Selection responsibilities include both materials published in the Middle East and materials published in Western Europe and the United States about the Middle East, North Africa and Islam. We collect both trade and scholarly materials, including books, serials, government documents, audiovisual items, etc.
Materials about the Middle East and Islam are acquired by Cornell University Library on the basis of their relevance to the courses taught in the University and to support various instructional and research programs. These programs vary from beginning undergraduate courses to post-doctoral research. The programs served by this collection include, but are not limited to, those in Government, History, Linguistics, Sociology, Anthropology, Economics, and Near Eastern Studies. The purpose of this collection development policy is to provide a point of reference about which choices concerning the addition of new publications to the collection can be made. The implementation of these guidelines is dependent on the availability of financial resources and the recurrent funding provided by the University.
The collection covers virtually all subjects relevant to the study of the Middle East and Islam (coverage is comprehensive to select research level). Particular emphasis is placed on descriptive works, historical travels, history, philosophy and literature of Arabic speaking countries, including those in North Africa, religion (studies of the Koran and Hadith and associated religious texts and commentaries), Islamic law (unrelated to specific countries), Arabic literature, and political science (n.b.: Not all of these subjects are covered in every geographical area, nor is each subject evenly represented within each subject area).
For the purposes of Cornell Library's Middle East and Islamic Studies, the geographic areas covered include the following countries: Mauritania, Morocco and the Western Sahara, Algeria, Tunisia, Libya, Egypt, the Sudan, Turkey, Cyprus, Syria, Lebanon, Israel (Arabic materials only), Palestine, Jordan, Saudi Arabia, Kuwait, United Arab Emirates, Qatar, Bahrain, Oman, Yemen, Iraq, Iran, and Afghanistan.
Material in Arabic and English are collected are collected near-comprehensively. Materials in Persian, Turkish (Modern and Ottoman), French and German titles are acquired actively, but selectively at the research level. Materials in Kurdish, Coptic, other Iranian and Turkic languages, other modern Western languages, as well as in various vernacular or less common languages are acquired as demand warrants. Translations from other languages into Middle Eastern languages are not acquired, except for occasional standard literary works when deemed necessary. Hebrew script materials are collected by the Judaica selector. English or French language fiction by North African or other Arab authors is usually covered by the selectors of those languages respectively.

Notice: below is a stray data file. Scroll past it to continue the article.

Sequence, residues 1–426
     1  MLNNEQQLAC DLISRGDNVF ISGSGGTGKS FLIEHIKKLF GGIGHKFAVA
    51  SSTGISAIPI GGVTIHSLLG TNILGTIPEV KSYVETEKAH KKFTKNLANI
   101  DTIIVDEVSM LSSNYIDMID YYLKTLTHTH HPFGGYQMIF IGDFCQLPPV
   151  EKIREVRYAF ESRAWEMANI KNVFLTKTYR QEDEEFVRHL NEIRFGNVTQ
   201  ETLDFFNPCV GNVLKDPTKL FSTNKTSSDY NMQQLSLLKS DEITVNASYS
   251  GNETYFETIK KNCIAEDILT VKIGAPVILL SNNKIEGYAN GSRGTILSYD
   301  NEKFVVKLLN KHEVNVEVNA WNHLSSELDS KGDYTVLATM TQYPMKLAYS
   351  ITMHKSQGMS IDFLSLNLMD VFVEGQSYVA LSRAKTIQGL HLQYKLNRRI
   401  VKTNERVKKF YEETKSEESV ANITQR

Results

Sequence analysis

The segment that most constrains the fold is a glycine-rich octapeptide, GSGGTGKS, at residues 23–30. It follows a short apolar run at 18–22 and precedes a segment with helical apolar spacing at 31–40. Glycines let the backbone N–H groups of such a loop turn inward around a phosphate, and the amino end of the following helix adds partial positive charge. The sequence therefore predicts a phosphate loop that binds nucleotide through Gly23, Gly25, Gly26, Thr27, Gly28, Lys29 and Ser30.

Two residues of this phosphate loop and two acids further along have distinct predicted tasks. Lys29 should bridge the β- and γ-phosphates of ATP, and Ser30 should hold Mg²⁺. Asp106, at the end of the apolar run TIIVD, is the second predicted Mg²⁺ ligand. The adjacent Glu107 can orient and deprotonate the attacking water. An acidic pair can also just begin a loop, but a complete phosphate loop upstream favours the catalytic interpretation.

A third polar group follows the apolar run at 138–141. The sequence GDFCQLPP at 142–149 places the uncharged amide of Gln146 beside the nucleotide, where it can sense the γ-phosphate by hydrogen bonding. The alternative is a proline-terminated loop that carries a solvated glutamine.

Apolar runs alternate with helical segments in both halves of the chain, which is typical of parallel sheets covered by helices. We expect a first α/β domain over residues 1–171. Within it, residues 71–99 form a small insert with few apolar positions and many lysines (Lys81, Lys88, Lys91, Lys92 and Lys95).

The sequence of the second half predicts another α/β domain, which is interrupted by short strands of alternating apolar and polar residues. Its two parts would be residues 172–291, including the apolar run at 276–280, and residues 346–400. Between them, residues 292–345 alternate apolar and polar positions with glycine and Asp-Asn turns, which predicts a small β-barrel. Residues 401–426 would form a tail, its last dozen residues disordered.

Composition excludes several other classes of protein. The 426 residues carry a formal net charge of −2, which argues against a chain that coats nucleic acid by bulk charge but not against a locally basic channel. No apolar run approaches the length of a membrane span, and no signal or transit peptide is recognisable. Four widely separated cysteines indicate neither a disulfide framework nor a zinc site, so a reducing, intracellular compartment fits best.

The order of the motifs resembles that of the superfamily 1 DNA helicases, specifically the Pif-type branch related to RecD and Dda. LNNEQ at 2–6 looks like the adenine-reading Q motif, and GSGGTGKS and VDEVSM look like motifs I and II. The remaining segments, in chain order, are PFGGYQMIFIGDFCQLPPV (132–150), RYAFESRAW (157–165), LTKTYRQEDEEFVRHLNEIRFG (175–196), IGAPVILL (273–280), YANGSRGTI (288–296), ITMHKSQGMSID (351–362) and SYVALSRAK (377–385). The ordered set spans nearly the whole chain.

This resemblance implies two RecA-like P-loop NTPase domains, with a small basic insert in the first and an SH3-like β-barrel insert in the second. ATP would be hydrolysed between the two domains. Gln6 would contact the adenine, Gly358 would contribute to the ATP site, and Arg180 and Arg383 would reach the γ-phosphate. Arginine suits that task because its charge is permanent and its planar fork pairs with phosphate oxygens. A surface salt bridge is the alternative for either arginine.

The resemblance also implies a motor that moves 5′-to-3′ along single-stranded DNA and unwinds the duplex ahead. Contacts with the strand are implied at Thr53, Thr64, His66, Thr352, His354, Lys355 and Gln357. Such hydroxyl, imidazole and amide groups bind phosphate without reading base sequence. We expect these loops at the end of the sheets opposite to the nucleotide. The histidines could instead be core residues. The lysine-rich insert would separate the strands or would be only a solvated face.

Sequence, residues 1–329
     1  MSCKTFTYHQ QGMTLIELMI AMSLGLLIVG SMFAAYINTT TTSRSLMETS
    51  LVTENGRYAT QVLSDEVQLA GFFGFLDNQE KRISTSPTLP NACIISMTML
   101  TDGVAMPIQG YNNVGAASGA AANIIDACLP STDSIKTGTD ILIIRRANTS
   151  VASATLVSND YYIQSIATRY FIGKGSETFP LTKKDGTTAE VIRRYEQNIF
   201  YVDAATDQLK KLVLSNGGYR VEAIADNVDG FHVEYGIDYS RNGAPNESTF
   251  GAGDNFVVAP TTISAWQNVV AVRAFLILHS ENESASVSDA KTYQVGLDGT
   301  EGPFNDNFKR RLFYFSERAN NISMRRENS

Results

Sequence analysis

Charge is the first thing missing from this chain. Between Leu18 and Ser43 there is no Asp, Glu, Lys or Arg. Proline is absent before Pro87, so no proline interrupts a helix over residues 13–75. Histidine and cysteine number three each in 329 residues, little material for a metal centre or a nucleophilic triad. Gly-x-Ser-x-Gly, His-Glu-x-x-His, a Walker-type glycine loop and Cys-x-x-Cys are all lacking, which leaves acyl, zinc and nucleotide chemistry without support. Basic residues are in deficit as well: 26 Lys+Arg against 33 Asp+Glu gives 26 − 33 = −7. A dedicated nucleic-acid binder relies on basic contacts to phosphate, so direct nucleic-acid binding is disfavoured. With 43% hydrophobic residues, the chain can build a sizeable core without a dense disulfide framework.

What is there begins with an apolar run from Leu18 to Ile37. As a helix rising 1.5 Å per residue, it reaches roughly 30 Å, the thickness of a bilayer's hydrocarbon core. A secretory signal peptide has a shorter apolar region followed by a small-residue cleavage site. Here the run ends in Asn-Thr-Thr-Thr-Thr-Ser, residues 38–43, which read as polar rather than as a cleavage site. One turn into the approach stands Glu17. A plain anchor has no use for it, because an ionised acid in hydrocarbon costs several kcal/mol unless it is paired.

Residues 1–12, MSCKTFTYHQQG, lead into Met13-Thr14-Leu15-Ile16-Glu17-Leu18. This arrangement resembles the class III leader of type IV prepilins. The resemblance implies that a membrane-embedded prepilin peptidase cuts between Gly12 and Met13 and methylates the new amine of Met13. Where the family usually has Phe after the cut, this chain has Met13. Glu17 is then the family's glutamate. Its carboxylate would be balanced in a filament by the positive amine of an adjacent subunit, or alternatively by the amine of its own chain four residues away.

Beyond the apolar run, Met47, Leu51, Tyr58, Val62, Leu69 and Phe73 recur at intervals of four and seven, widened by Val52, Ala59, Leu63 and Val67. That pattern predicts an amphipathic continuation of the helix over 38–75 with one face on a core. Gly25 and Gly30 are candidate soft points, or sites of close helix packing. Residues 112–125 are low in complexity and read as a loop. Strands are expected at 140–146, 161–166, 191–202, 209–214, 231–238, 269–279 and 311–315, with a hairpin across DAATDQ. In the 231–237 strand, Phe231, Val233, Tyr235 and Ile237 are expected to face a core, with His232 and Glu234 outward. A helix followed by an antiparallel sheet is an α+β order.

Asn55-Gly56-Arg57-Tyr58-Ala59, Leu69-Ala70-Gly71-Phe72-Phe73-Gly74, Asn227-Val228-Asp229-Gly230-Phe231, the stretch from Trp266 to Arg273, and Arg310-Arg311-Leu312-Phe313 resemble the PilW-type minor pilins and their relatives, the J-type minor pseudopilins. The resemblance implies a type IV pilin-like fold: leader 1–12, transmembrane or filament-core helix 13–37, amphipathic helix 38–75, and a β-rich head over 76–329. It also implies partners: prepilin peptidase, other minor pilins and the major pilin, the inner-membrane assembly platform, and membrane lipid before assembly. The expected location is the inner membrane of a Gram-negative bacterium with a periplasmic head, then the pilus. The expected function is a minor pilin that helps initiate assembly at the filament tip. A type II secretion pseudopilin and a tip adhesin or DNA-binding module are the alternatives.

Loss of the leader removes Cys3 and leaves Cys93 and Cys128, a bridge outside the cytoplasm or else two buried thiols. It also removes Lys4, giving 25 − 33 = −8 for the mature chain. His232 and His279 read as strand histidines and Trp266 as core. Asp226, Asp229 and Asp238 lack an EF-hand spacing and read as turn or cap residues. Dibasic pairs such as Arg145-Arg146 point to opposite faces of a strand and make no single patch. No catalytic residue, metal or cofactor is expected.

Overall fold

Emphasis is primarily on the Islamic period, i.e., from the 6th century A.D. onward (the "classical" Arab-Islamic and modern Middle East). Materials about the pre-Islamic Middle East are also collected by the library in the areas of classics, archaeology, and fine arts. There is no limitation as to the date of publication of items collected, although emphasis is on current publications.
Exceptions: Not acquired or retained are materials in the following subjects: Art and architecture of Middle Eastern & Muslim countries; Law (country specific laws & statutes, etc.); Music; Science and technology; Medicine; Children's books, and textbooks.
Emphasis is on current materials: monographs, periodicals (serials) in print and electronic formats. Manuscripts and theses and dissertations from other universities are preferably acquired in microform, when requested. Audiovisual materials and other formats are collected selectively. Important current Middle Eastern newspapers and magazines are acquired through direct air mail subscription or through the Library of Congress Cairo office.